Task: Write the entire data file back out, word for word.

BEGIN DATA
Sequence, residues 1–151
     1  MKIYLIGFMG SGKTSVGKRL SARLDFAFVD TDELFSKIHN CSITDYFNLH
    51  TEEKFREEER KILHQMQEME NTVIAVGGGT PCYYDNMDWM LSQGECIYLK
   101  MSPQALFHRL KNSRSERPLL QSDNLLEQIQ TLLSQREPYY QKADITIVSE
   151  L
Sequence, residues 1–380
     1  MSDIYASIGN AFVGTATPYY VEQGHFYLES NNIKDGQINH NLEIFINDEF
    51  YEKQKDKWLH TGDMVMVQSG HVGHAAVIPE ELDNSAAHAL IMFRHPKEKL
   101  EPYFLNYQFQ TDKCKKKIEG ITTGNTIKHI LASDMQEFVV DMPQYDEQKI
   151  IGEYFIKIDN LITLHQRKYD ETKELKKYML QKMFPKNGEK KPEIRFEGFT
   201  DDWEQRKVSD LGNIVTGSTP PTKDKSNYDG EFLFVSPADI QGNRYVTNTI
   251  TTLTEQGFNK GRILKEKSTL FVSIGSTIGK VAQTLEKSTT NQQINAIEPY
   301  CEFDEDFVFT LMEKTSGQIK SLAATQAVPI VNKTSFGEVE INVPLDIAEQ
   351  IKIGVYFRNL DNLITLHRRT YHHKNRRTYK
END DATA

Sequence, residues 1–151
     1  MKIYLIGFMG SGKTSVGKRL SARLDFAFVD TDELFSKIHN CSITDYFNLH
    51  TEEKFREEER KILHQMQEME NTVIAVGGGT PCYYDNMDWM LSQGECIYLK
   101  MSPQALFHRL KNSRSERPLL QSDNLLEQIQ TLLSQREPYY QKADITIVSE
   151  L
Sequence, residues 1–380
     1  MSDIYASIGN AFVGTATPYY VEQGHFYLES NNIKDGQINH NLEIFINDEF
    51  YEKQKDKWLH TGDMVMVQSG HVGHAAVIPE ELDNSAAHAL IMFRHPKEKL
   101  EPYFLNYQFQ TDKCKKKIEG ITTGNTIKHI LASDMQEFVV DMPQYDEQKI
   151  IGEYFIKIDN LITLHQRKYD ETKELKKYML QKMFPKNGEK KPEIRFEGFT
   201  DDWEQRKVSD LGNIVTGSTP PTKDKSNYDG EFLFVSPADI QGNRYVTNTI
   251  TTLTEQGFNK GRILKEKSTL FVSIGSTIGK VAQTLEKSTT NQQINAIEPY
   301  CEFDEDFVFT LMEKTSGQIK SLAATQAVPI VNKTSFGEVE INVPLDIAEQ
   351  IKIGVYFRNL DNLITLHRRT YHHKNRRTYK